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Online Encyclopedia
Originally appearing in Volume V19, Page 423 of the 1911 Encyclopedia Britannica.
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NEUBURG, a town of Germany, in the kingdom of Bavaria, is pleasantly situated on the Danube, 12 M. W. of Ingolstadt, on the railway to Neuoffingen. Pop. (1905) 8532. It is a place of ancient origin, but is chiefly noteworthy because formerly for two centuries it was the capital of the principality of Pfalz-Neuburg. Its most important building is the old residence of its princes, the handsomest part of which is in the Renaissance style of the 16th century. The town also contains an Evangelical and seven Roman Catholic churches, a town hall, several schools and convents, a theatre, and an historical museum with a valuable library. It has electrical works and breweries, while fruit and vegetables are cultivated in the neighbourhood, a considerable trade in these products being carried on by the Danube. Neuburg was originally an episcopal see. In the loth century it passed to the counts of Scheyern, and through them to Bavaria, being ceded to the Rhenish Palatinate at the close of a war in 1507. From 1557 to 1742 it was the capital of a small principality ruled by a cadet branch of the family of the elector palatine of the Rhine. This principality of Pfalz-Neuburg had an area of about r0oo sq. m. and about ioo,000 inhabitants. In 1742 it wasunited again with the Rhenish Palatinate, with which it passed in 1777 to Bavaria. See Gremmel, Geschichte des Herzogtums Neuburg (Neuburg, 1872); and Fuhrer durch die Stadt Neuburg and deren Umgebung (Neuburg, 1904).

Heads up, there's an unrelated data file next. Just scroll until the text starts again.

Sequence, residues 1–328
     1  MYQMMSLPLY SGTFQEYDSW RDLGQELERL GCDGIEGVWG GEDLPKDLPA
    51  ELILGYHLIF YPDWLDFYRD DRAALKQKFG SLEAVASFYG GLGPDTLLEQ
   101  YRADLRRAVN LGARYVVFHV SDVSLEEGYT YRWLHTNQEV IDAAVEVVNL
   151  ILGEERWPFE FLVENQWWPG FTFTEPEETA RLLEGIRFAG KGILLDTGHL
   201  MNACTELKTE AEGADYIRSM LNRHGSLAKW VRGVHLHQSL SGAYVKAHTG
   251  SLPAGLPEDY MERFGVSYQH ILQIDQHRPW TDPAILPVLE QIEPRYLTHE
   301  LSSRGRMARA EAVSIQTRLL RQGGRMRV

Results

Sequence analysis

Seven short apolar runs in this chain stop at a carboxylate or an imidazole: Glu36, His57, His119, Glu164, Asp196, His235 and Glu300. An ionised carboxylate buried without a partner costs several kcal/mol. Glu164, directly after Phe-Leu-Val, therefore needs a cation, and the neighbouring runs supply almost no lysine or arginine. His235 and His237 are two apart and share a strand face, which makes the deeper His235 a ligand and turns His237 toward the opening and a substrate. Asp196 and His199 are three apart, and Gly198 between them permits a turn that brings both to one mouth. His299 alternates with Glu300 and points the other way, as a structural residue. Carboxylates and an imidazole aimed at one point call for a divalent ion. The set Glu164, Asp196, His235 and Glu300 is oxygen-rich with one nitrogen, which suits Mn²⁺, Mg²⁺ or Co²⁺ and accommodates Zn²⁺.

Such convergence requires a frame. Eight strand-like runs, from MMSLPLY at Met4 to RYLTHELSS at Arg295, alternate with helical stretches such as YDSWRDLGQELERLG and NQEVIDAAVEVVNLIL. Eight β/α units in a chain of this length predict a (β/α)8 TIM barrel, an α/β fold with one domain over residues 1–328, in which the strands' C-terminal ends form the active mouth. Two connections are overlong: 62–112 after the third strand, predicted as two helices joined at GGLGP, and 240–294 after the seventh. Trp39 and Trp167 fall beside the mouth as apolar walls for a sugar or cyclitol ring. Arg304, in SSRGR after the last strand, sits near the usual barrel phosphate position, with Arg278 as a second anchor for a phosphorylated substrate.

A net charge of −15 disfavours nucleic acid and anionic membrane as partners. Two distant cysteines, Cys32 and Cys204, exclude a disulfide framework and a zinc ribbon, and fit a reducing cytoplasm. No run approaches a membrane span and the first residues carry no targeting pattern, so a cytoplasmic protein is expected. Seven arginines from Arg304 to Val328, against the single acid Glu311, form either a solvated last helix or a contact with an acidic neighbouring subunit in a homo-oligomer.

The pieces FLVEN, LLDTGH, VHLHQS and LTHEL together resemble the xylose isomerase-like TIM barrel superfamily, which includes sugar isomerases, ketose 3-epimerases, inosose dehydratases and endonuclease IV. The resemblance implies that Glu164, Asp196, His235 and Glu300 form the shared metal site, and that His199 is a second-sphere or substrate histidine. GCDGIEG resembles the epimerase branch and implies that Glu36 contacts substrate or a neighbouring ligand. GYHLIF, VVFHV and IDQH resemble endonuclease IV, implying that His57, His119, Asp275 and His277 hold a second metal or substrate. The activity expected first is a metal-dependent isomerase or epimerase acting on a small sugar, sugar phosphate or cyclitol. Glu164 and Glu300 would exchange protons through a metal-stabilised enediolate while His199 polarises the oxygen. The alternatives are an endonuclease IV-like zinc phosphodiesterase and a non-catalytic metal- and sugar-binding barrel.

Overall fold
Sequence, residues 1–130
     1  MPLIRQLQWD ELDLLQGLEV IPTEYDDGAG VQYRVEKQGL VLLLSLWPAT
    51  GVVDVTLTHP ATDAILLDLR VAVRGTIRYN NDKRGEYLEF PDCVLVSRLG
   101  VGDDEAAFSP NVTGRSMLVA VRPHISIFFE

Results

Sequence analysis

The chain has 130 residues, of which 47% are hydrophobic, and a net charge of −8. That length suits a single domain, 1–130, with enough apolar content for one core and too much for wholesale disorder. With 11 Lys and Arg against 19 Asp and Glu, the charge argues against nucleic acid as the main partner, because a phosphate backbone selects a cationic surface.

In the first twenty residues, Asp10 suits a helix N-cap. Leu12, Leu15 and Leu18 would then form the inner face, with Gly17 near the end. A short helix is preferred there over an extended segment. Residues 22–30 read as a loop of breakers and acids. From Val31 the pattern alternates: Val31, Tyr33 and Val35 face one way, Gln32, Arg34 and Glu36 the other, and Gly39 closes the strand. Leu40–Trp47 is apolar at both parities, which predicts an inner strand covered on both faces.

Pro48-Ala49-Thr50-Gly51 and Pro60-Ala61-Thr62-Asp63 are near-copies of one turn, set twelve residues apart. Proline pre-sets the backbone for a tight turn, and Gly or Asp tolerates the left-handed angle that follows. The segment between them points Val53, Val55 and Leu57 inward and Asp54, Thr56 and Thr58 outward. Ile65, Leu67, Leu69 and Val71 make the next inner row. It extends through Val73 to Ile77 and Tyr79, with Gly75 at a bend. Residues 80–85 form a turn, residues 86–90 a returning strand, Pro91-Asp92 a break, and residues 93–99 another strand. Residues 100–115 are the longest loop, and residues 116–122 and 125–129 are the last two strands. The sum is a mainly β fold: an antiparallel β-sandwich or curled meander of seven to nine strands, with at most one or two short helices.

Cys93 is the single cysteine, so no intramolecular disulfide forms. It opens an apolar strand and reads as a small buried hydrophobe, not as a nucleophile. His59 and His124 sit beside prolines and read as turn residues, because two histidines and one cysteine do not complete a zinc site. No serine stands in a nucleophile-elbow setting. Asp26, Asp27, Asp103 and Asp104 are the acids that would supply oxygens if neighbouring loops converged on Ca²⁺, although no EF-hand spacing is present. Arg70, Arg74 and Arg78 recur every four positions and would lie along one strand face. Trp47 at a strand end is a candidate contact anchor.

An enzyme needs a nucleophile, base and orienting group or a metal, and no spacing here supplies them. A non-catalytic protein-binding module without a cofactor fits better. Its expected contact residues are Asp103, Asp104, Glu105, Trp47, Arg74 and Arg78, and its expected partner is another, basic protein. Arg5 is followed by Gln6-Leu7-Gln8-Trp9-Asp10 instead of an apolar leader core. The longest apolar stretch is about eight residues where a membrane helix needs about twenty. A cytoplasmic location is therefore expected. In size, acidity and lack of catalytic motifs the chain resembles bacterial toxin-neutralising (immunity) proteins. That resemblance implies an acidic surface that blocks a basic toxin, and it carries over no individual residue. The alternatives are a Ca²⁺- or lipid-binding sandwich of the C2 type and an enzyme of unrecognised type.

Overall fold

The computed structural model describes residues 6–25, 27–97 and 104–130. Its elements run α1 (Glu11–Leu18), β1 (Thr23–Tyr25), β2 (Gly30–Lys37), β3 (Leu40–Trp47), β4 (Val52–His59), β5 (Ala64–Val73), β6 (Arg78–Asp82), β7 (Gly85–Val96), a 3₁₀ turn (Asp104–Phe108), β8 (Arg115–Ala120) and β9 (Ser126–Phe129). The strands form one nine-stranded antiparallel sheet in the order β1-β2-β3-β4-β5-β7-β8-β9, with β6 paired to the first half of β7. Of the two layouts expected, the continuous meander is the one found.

End of Article: NEUBURG

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